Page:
NICK Martin, of Portsea, is no stranger to open water swimming and will take it to the next level when he attempts the gruelling English Channel crossing on 1 August.
Martin, a life member of Portsea Surf life Saving Club, a regular swimmer at Portsea front beach, is increasing his training regime in the weeks leading up to the swim to around 50 kilometres a week with a mix of open water and pool swimming.
The Dover (England) to Calais (France) channel swim is 34 kilometres, but Martin knows that the tides and the weather can extend both the distance and the difficulty of the swim.
He said the idea for the challenge arose out of lockdown when he was swimming with some mates who were egging each other on about swimming further.
“That’s where the idea came from, but I wanted to complete a challenge that had a purpose, that helped the community,” he said.
Martin is using the swim to raise money for a capital project at the Portsea Camp, which he said was a well deserving charity that had supported hundreds of children over its 70 years of operation.
“I swim past the Portsea Camp often and I think it does great things for sick children, but without a lot of fanfare, so I think it is a very worthy charity that I’m happy to help.”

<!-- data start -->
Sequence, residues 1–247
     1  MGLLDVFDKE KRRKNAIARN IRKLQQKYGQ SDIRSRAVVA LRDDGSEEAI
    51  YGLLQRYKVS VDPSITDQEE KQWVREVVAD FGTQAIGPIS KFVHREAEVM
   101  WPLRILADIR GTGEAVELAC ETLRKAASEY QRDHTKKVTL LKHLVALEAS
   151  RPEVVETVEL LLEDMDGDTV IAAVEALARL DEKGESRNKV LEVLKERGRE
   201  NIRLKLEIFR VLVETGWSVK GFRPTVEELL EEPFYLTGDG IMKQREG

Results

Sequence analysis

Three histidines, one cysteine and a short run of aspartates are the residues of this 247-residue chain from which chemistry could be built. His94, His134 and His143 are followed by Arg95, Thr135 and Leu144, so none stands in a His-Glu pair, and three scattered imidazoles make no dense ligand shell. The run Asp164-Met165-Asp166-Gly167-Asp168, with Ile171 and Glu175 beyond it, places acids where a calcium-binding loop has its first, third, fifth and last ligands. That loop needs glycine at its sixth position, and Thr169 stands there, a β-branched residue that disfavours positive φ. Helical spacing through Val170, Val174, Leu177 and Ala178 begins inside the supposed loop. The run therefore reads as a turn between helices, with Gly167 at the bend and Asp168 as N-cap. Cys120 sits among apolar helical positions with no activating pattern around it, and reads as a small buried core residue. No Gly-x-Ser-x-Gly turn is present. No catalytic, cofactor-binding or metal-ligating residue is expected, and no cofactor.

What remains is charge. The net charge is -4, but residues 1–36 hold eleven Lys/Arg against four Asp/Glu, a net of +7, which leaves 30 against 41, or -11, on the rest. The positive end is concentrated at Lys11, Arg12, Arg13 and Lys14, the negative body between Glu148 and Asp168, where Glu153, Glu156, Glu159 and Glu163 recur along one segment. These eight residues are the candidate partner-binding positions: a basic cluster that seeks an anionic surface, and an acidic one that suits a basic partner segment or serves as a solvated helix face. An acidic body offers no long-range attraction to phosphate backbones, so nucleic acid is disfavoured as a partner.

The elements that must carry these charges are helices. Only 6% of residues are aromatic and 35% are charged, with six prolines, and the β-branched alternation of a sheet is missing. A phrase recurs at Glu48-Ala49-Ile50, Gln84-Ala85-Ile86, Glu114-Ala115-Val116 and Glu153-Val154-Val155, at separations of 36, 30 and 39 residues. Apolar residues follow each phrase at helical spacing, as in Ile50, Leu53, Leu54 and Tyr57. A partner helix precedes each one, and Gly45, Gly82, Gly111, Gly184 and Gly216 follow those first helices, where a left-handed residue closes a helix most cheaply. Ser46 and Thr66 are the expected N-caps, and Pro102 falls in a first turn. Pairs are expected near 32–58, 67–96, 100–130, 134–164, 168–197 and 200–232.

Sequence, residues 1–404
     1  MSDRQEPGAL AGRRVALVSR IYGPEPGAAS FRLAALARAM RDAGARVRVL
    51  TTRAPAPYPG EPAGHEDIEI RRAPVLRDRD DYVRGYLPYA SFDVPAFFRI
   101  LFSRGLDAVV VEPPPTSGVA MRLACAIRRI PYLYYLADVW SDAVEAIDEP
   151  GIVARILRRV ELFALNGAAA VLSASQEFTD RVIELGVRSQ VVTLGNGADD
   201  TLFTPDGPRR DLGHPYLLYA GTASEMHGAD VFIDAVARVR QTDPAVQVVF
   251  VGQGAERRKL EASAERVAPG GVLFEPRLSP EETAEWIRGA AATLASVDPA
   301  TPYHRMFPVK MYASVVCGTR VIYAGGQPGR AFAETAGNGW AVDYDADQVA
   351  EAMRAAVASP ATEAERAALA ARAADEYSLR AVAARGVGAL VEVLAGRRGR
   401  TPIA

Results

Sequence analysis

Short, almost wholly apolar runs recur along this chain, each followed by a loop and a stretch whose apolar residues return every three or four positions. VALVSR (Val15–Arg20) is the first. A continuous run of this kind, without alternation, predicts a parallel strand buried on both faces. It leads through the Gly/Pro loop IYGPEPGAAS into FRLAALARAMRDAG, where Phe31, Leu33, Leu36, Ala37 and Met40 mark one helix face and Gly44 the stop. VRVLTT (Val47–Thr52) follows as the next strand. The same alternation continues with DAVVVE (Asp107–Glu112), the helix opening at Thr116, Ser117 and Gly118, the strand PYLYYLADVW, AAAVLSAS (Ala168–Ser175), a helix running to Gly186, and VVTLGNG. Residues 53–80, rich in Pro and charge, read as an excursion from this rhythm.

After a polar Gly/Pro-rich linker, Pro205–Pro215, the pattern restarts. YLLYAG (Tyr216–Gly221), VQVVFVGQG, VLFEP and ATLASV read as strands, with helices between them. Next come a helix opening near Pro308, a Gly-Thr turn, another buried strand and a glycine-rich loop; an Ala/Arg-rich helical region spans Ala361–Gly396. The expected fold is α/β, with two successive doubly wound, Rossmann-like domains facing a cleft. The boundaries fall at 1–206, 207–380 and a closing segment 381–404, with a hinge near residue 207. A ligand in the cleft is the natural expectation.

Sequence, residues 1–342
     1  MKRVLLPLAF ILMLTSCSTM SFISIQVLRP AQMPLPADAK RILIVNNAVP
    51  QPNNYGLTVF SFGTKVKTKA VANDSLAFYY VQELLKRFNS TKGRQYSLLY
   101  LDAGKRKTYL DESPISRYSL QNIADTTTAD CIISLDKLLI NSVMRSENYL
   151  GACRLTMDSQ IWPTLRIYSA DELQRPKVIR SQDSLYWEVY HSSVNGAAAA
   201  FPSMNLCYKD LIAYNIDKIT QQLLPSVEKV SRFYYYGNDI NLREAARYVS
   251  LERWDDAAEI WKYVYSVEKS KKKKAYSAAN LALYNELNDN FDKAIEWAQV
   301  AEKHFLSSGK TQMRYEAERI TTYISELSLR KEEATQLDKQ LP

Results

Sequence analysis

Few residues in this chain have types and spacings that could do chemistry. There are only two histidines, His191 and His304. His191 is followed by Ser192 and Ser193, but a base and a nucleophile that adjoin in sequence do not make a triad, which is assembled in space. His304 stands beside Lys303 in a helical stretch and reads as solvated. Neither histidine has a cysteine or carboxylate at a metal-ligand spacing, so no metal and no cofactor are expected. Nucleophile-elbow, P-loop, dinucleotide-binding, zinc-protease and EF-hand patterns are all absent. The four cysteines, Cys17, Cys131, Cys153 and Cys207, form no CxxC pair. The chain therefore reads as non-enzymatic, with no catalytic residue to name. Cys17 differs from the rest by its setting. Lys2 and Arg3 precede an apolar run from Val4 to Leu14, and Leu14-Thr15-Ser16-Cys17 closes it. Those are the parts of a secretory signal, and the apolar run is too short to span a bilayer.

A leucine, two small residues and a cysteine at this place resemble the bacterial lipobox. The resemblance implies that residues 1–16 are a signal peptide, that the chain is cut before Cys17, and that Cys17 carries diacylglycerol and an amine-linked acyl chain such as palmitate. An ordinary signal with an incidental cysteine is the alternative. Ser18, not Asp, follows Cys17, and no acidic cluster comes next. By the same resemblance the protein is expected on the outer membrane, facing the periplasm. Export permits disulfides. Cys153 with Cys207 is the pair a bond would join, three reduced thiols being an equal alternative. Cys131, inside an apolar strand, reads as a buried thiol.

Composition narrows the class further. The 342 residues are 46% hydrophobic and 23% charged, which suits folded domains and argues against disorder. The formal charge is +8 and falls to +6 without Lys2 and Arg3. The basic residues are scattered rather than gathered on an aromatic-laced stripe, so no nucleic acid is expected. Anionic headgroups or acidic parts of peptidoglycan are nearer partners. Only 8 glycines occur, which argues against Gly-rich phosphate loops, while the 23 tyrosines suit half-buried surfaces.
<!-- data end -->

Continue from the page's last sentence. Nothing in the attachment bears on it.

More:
While he knows it will be a tough swim and not everyone completes the crossing, Martin says he refuses to let doubts get the better of him.
“There can be no doubts, I’m going and I’m going to finish,” he said.
“I’m not stopping halfway, I’m going the whole hog.”
With Europe facing a heat wave at the moment, Martin says he expects the water to be a “comfortable” 16 degrees.
“The rules around the swim are quite strict. There are no wetsuits allowed and you can only wear speedos, which means you have to apply a greasy mix of lanolin and Vaseline to your body,” he said.
“Once in the water I’ll feed every 30 minutes from the pilot boat that will accompany me, just to make sure I’m getting enough sugar, nutrition and hydration.”
As tough as it sounds, last week before he flew out to England Martin said he was looking forward to it “even though it’s taken some time to get my head around it”.
Martin has started a GoFundMe campaign and is more than halfway to his $100,000 target.
The Portsea Camp runs camps for rurally isolated, disadvantaged and special needs children who need a break. The Portsea Camp runs four-night camps in the school holidays for 8 – 12 year olds, and one for 13 – 16 year olds in September.
To support the swim and donate to the Portsea Camp go to gofund.me/72001496